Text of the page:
“Will the Circle Be Unbroken” is one of the genre’s foundational songs. The old Christian hymn was re-worked by the Carter family into a heartbreaking dirge from the perspective of a daughter mourning the loss of her mother. Trailing the funeral procession, she wails, “I followed close behind her//Tried to hold up and be brave//But I could not hide my sorrow//When they laid her in the grave.”

The first song I remember hearing that was expressly set in a cemetery was “Long Black Veil.” The narrator of this mournful tune, already underground, tells the story of his death and the lonely, secret, visitor to his grave. The original song, written by Marijohn Wilkin and Danny Dill and recorded by Lefty Frizzell in 1958 was both a commercial smash and an inspiration for generations of artists moved to cover the song, or attempt to write one of their own placed in a cemetery just as poignant.

Like all the best traditions in this old-time music, this one too survives with the artists driving today’s sparkling revival of traditional country and folk music. Beautiful songs from the graveyard are still being produced.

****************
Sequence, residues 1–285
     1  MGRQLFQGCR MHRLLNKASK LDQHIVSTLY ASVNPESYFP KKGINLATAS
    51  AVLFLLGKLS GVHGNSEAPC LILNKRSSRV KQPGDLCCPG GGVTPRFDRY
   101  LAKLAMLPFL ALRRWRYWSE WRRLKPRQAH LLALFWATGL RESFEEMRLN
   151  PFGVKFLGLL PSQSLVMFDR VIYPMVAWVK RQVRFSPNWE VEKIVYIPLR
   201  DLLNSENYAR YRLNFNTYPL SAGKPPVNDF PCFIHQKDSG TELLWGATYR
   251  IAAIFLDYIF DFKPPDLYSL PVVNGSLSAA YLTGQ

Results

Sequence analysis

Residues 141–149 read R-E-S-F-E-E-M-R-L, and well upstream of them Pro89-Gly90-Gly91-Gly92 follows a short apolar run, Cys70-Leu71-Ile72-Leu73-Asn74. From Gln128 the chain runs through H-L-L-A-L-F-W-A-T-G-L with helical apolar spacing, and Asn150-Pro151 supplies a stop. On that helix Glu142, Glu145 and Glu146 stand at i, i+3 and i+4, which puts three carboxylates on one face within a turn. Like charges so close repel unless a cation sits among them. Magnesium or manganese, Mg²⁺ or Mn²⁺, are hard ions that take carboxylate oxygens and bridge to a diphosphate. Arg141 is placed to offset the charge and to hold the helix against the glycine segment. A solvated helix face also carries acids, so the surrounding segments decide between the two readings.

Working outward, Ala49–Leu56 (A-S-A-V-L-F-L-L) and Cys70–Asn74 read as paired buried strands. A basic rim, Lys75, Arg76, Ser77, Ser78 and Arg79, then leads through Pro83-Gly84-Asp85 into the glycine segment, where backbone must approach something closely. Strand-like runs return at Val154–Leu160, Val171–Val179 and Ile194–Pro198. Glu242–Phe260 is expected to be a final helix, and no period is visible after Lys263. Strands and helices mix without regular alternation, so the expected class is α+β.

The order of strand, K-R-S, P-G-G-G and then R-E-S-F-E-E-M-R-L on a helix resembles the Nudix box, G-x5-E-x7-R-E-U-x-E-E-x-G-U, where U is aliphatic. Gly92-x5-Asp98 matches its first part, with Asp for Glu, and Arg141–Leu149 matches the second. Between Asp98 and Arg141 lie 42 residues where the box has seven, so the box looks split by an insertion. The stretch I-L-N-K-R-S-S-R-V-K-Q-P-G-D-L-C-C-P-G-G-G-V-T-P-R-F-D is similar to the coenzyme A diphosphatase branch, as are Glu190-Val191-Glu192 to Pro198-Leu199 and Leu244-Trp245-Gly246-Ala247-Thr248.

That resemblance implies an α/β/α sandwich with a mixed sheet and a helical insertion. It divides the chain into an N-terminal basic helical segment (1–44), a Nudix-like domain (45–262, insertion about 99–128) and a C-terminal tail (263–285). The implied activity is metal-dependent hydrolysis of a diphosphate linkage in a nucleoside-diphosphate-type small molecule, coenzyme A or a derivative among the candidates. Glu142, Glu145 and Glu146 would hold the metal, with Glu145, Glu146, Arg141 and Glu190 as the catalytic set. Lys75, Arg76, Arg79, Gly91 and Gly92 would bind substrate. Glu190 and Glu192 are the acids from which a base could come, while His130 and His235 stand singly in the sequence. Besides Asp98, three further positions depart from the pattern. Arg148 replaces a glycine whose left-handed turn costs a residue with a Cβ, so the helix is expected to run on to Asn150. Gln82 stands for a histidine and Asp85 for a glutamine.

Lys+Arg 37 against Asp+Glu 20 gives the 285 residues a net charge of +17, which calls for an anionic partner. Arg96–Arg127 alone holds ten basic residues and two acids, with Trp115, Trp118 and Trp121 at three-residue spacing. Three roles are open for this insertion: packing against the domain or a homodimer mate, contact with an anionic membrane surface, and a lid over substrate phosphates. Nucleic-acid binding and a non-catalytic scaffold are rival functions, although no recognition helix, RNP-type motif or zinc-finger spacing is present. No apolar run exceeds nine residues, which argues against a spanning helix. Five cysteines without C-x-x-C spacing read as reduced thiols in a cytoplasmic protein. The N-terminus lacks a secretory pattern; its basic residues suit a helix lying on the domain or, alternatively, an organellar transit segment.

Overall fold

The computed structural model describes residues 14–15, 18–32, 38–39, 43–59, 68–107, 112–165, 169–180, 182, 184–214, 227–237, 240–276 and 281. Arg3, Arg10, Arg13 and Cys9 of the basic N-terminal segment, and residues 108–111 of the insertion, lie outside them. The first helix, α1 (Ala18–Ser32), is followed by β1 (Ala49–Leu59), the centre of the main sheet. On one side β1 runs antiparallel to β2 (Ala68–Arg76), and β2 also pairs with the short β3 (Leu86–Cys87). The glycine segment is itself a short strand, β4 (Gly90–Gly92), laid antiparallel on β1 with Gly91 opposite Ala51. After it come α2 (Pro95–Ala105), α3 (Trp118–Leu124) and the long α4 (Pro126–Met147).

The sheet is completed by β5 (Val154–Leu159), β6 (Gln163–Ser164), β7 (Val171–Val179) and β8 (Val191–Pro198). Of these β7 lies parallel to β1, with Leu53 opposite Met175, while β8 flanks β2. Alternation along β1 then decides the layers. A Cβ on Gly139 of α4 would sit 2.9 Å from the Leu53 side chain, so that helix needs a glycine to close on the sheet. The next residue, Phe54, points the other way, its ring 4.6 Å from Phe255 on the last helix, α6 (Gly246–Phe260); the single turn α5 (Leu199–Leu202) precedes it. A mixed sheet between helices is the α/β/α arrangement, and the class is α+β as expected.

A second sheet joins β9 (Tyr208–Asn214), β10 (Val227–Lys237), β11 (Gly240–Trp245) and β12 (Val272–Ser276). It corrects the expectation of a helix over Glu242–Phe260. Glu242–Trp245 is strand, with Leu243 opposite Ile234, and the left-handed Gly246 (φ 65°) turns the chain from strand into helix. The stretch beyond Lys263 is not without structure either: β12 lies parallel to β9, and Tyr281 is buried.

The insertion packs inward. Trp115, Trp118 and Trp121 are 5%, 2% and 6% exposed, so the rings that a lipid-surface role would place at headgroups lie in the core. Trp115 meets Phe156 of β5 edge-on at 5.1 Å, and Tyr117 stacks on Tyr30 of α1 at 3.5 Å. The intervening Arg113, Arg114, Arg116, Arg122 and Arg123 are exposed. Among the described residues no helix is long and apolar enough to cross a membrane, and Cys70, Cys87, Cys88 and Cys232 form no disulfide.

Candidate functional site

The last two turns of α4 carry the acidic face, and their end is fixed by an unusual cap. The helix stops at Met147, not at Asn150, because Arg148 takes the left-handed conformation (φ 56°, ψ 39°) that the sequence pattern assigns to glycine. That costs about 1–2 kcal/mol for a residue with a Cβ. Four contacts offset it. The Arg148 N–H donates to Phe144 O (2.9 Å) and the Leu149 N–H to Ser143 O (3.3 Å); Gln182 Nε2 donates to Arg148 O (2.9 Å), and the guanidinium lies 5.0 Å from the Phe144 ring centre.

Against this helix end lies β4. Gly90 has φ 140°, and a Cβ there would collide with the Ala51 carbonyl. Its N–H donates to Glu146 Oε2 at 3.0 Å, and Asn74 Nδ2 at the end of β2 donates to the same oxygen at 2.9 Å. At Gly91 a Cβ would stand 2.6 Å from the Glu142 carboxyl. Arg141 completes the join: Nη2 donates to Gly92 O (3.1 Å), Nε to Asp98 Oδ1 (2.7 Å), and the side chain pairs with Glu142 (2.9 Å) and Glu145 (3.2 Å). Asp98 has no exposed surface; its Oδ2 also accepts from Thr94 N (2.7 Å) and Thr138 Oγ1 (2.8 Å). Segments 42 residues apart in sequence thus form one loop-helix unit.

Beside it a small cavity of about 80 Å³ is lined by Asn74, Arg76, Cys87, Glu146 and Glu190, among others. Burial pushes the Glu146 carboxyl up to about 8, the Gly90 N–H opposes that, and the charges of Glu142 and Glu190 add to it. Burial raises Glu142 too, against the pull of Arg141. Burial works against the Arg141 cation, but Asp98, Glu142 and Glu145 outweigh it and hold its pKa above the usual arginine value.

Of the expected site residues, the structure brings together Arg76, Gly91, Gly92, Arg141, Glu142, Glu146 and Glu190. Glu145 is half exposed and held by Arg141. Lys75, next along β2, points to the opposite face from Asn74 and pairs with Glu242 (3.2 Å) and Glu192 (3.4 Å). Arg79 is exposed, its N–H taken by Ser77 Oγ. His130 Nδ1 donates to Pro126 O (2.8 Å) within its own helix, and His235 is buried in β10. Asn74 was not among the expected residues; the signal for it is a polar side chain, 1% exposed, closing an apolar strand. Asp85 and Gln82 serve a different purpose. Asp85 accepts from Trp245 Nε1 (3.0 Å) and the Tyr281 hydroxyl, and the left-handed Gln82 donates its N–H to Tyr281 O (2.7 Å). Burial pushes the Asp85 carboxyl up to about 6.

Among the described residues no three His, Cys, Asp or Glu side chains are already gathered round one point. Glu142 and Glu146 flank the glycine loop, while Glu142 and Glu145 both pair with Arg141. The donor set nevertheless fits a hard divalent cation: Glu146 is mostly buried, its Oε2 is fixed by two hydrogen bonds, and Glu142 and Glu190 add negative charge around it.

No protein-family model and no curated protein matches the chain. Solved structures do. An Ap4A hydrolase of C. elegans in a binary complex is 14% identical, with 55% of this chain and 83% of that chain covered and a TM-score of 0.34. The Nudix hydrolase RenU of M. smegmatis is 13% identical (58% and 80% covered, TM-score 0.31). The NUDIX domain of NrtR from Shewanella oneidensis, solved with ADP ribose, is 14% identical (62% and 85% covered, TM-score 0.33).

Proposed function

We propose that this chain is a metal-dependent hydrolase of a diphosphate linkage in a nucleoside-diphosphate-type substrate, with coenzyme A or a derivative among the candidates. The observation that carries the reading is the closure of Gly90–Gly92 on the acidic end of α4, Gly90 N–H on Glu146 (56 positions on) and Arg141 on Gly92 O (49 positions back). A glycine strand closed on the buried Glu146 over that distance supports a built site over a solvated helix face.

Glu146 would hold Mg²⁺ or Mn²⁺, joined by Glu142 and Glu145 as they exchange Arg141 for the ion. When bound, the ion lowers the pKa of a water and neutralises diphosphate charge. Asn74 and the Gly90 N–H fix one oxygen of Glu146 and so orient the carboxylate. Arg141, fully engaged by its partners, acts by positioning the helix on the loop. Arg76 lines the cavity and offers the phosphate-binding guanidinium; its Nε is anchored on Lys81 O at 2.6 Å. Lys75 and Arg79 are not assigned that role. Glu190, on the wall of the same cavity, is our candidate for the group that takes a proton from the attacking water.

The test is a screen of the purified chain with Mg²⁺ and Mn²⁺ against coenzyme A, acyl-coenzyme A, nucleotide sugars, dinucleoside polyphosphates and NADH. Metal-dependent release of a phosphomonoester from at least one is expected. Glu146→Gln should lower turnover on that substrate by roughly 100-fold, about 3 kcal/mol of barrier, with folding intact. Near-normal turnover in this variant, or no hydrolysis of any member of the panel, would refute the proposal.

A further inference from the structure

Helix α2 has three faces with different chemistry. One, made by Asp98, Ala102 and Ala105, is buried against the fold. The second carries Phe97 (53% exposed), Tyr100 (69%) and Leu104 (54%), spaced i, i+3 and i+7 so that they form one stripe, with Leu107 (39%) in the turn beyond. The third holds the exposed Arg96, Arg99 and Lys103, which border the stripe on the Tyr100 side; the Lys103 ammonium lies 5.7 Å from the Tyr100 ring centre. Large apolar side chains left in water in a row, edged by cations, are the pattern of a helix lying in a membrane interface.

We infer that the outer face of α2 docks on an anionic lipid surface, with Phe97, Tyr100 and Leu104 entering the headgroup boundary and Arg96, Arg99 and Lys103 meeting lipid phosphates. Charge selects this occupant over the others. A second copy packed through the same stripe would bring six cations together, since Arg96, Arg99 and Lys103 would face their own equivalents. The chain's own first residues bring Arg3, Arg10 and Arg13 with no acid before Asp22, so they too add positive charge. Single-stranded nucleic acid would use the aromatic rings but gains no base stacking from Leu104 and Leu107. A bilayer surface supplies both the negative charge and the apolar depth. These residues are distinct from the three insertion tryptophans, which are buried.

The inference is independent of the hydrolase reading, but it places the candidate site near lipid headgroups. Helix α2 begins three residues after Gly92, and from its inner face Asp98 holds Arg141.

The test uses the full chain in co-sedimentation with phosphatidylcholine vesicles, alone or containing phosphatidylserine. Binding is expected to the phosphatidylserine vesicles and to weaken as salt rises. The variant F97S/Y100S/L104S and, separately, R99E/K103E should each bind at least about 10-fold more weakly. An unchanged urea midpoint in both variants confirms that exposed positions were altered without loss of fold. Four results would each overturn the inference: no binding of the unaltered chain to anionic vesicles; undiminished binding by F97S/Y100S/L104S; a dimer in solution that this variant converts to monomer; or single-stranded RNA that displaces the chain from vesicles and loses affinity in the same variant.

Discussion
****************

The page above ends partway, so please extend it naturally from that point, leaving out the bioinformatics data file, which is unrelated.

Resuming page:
Colter Wall’s “Caroline” stands out for its emotional tenor and astonishing turns of phrase: “There’s a place where the sun doth shine//And the birds keep time with the pines up a-yonder//That’s the home of my Caroline//She’s dancing in the sky.” Wall follows the love story to its conclusion: “Caroline oh Caroline, I’ll be home just at any old time//The grave in the garden won’t be satisfied//Until your name is next to mine.”

Billy Strings does an inspired rendition of Ralph Stanley’s upbeat song, “A Robin Built a Nest on Daddy’s Grave.” Waylon Payne’s “Back from the Grave” isn’t so much a cemetery song as a personal redemption one where the narrator is making the most of a second chance so unexpected, only one metaphor could capture it.

Brent Cobb didn’t initially set out to write a gravesite song when he and writing partner Casey Wood conjured up “Diggin’ Holes,” but as the song started to come together, Cobb understood where it had to end. “Well I oughta make a living in a graveyard,” he sings in the final verse. “Lord knows I’m good at digging holes.”